- Three Coins: 2/16 6/16 6/16 2/16
So both methods return equal probabilities for each hexagram since we have a 50/50 chance to have a Yin or a Yang sign, but we don’t have the same probabilities for their interpretations.
The traditional method clearly favors Yang interpretations of the hexagrams which makes the coin procedure a bad alternative for an accurate reading of the I Ching as intended by they ancient Chinese who developed the method and, if we consider how this book is being use all over the world, it might not be a bad idea to stop using the three coins procedure in favor of the traditional one since the later promotes more positive and active interpretations of the hexagrams.
Now, I wondered a number of questions about why this procedure is the way it is, so unless some sinologist in the room says otherwise I am going to make some “common sense” assumptions.
Why the use of stems instead wood sticks?
The use of stems instead straight wood sticks might be due to avoid getting a feeling of the sticks and getting always a desired result (similar to what might happen with a deck of cards). the gnarled stems with its different widths help to prevent such bias and increase the randomness of the process.
Why 50 stems of Artemisia / Yarrow?
why 50 stems when the first step is to discard one? Well it could be magical reasons but it could also be an algorithmic left over reason since, at each of the three divisions, one stem is discarded. Another reason could be that it also increases the randomness of the process; by discarding a different stem each time it becomes more difficult to get a “feeling” of the stems and unconsciously obtain desired results.
Why Those uneven probabilities?
I would say it has to do with numerology, the proportions for Yin and Yang signs yield by the algorithm are represented by the first four prime numbers, that is, 1, 3, 5 and 7. Ancient Chinese might have noticed that 1+7 = 5+3 and associate this mathematical property with the Yin and Yang equilibrium in the universe. Once this is set the probabilities for the Old Yang and Old Yin are also set and they decided for a higher degree of action among those using the I Ching.
Why 3 COINS as alternative?
Obviously the Artemisia / Yarrow process is overly complicated, but I don’t know why the alternative chosen to simplify the process were the three coins version since they clearly change the I Ching oracles. Did those developing the alternative knew what they were doing? Was is just a way for lay people to use the book without much hassle and they did not care? Any sinologist comment is more than welcome!
Alternatives to Artemisia / Yarrow than render traditional Hexagrams
Anyhow, now I will explain a few alternatives that return proper traditional sign probability hexagrams, let’s begin with my favorite one
The one coin + one 8 sided die
This is my favorite alternative both, for its simplicity and its beauty.
For this alternative we simply need to first toss a coin; if we have tails (0) that means Yin, if we have heads (1) that means Yang.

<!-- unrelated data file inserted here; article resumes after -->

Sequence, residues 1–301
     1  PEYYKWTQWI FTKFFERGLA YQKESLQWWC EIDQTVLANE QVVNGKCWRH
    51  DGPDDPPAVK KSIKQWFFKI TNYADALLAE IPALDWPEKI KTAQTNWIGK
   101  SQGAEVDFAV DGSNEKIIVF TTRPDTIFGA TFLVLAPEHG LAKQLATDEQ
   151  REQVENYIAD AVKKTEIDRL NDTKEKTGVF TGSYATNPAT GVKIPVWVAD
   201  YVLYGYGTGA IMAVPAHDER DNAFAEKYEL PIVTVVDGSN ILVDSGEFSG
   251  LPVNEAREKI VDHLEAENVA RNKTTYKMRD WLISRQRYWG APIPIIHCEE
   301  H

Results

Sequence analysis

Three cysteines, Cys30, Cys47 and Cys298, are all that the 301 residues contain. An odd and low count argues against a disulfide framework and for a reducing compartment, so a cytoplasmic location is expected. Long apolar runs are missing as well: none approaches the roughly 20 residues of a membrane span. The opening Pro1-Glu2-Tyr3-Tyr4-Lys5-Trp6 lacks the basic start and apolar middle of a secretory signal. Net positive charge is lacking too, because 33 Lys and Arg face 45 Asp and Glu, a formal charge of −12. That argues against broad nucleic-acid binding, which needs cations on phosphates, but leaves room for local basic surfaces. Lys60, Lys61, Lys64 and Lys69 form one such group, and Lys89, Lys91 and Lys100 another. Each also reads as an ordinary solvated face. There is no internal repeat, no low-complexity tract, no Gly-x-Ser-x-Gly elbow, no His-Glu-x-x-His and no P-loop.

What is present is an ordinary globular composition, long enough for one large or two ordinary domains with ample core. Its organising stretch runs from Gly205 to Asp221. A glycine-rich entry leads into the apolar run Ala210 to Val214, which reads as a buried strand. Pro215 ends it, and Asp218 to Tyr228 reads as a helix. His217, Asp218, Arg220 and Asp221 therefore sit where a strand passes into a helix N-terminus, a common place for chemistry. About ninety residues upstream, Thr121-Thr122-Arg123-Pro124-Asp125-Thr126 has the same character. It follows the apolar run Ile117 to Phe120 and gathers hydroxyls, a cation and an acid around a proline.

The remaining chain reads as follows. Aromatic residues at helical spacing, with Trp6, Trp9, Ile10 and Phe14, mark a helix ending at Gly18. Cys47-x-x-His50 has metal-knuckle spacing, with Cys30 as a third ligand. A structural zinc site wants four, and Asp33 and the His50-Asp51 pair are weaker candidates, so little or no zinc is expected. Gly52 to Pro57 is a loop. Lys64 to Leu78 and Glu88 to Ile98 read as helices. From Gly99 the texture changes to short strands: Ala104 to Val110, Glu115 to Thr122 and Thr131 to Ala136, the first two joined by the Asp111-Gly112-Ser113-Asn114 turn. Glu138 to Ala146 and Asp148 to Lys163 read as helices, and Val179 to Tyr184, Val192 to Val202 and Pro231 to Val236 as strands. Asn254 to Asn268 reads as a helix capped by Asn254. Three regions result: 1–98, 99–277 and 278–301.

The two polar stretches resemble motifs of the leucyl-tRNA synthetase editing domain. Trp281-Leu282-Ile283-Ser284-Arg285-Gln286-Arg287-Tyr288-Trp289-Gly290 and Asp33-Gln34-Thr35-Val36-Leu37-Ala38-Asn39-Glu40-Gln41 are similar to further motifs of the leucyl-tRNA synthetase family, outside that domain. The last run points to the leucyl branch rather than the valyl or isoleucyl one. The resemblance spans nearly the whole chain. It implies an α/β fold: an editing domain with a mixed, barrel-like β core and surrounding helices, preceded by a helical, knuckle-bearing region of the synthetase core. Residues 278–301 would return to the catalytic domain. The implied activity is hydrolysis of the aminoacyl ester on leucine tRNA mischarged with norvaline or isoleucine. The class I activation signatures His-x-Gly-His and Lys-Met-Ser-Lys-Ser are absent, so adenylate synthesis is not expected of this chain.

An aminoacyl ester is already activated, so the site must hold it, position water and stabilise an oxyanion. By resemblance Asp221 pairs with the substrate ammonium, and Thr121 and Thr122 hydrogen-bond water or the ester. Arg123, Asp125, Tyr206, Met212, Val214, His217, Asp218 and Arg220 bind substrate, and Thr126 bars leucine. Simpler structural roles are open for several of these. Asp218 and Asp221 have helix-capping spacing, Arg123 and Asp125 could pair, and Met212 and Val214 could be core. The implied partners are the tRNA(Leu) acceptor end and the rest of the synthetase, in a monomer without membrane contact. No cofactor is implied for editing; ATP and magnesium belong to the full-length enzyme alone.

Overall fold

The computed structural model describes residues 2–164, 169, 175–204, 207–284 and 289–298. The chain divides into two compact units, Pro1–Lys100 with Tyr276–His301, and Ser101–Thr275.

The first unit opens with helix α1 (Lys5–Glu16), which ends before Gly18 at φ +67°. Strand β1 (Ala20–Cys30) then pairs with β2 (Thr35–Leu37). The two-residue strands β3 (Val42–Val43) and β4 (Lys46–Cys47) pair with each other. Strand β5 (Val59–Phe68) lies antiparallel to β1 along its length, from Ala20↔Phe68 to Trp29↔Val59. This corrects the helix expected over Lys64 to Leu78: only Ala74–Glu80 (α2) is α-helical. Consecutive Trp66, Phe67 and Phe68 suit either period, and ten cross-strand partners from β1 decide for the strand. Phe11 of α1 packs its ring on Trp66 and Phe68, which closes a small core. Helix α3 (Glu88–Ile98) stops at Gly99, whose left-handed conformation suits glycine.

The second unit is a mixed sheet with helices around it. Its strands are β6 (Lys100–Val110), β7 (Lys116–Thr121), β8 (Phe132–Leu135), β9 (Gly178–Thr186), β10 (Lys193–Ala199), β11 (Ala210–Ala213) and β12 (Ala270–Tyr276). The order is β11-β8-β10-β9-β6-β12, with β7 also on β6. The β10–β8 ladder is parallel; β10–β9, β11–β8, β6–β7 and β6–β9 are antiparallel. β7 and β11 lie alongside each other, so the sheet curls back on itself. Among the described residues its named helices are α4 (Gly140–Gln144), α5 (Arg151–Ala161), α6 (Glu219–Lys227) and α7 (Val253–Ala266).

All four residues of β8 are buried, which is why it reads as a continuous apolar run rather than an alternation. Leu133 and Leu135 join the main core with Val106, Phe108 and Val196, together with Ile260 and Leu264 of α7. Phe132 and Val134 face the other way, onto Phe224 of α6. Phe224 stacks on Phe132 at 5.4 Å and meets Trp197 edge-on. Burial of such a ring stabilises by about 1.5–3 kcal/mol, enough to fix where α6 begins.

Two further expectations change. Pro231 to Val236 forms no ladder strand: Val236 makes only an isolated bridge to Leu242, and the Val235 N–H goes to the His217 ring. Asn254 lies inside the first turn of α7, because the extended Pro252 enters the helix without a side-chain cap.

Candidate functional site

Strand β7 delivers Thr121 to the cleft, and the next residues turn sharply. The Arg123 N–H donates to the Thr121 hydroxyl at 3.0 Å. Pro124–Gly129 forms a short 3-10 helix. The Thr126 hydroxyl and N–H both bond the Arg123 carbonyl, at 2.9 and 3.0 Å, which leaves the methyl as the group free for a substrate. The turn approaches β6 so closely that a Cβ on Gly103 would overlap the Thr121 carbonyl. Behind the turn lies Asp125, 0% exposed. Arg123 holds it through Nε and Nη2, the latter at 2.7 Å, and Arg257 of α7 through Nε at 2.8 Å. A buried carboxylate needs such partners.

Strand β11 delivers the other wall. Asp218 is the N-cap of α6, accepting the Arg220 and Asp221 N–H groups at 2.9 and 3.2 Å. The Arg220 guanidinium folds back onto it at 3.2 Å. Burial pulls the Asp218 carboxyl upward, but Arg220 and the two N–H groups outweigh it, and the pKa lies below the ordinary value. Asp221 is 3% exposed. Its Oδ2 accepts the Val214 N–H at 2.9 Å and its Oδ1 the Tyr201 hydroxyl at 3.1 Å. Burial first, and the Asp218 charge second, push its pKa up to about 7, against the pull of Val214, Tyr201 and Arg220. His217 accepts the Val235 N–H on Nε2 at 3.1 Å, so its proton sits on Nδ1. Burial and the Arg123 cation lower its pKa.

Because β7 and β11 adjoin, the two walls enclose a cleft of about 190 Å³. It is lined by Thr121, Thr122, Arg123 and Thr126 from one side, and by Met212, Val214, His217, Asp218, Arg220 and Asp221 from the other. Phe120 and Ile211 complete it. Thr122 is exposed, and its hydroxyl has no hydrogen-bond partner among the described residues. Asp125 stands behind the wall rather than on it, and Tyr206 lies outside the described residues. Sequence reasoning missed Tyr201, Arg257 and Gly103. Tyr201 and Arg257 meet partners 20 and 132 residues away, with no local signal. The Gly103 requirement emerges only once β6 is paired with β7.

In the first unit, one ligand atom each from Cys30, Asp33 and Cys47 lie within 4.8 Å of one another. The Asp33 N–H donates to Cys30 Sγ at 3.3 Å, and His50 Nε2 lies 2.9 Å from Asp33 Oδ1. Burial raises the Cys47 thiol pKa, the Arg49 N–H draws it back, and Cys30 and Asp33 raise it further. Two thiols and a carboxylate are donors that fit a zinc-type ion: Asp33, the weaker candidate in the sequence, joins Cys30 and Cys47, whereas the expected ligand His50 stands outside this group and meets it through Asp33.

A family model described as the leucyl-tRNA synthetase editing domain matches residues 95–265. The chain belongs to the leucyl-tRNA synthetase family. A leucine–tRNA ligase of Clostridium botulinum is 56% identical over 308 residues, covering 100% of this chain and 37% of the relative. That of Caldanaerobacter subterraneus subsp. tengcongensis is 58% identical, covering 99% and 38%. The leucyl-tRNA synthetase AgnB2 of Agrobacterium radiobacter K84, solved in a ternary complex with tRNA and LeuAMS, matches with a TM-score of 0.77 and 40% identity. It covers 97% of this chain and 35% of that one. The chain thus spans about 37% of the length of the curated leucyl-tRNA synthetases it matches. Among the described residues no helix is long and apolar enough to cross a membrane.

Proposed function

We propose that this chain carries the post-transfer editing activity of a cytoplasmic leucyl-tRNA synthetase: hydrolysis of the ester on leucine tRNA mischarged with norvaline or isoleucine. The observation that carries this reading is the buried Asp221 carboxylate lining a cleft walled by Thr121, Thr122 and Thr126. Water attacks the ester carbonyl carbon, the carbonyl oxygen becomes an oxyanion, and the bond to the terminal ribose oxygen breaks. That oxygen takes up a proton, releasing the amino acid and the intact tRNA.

Then we throw the 8 sided die to determine if the Yin or Yang sign is old or young. If we do so we have the following 16 possible outcomes:
|0,1 – Old Yin
0,2 – Yin
0,3 – Yin
0,4 – Yin
0,5 – Yin
0,6 – Yin
0,7 – Yin
0,8 – Yin
|1,1 – Yang
1,2 – Yang
1,3 – Yang
1,4 – Yang
1,5 – Yang
1,6 – Old Yang
1,7 – Old Yang
1,8 – Old Yang
Now we simply have to throw the die six times, build the hexagram from bottom up and that’s it, enjoy your traditional I Ching oracle hexagram!
The four coins
Okay, let’s say we don’t want to buy a die and we only have coins. Then we can still use coins to render properly traditional probability sound hexagrams. For this alternative we need to toss four coins all at once and read from left to right being heads (1) and tails (0), we have 16 possible outcomes:
|0000 – Old Yin
0001 – Yin
0010 – Yin
0011 – Yin
0100 – Yin
0101 – Yin
0110 – Yin
0111 – Yin
|1000 – Yang
1001 – Yang
1010 – Yang
1011 – Yang
1100 – Yang
1101 – Old Yang
1110 – Old Yang
1111 – Old Yang
As an alternative, instead reading from left to right we can also have 4 different coins and assign each a position from 1 to 4. We could also toss four times one coin for each sign but that would make a grand total of 24 tosses per hexagram which, if you ask me, is a bit of a mood killer, but the choices are out there if we need them.
The one 16 sided die
One simple way to do so would be to use a 16 side die and then associate its side numbers as follow.
- 1 : Old Yin
- 2 – 6 : Yang
- 7 – 13 : Yin
- 14 – 16 : Old Yang
Another perhaps more aesthetically pleasant distribution of numbers would be to place all the Yin possibilities (1 + 7) at the top of the bi-pyramid and all the Yang (5 + 3) a the bottom.
The two four sided die
If you happen to have two four sided dies then the procedure is similar to the 4 coins alternative; for the two dice we simply throw the two 4 sided dice and we read the outcomes from left to right. And just like in the case with the coins we could also have two different dice and assign each a position so we don’t have to worry about the order. These are the 16 possible outcomes:
|1,1 – Old Yin
1,2 – Yin
1,3 – Yin
1,4 – Yin
2,1 – Yin
2,2 – Yin
2,3 – Yin
2,4 – Yin
|3,1 – Yang
3,2 – Yang
3,3 – Yang
3,4 – Yang
4,1 – Yang
4,2 – Old Yang
4,3 – Old Yang
4,4 – Old Yang
Anyhow, happy traditional choice!
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- Tao Te Ching 17: The Art of Leadership (beyondthedream.co.uk)
- Tai Chi Chuan and Ancient Chinese Philosophy (interactchina.wordpress.com)
- Fortune telling, the hidden side of doing business in China you may have ignored (teabreakchina.wordpress.com)
- Heated Debate Over 5000-year-old Chinese Inscriptions (medindia.net)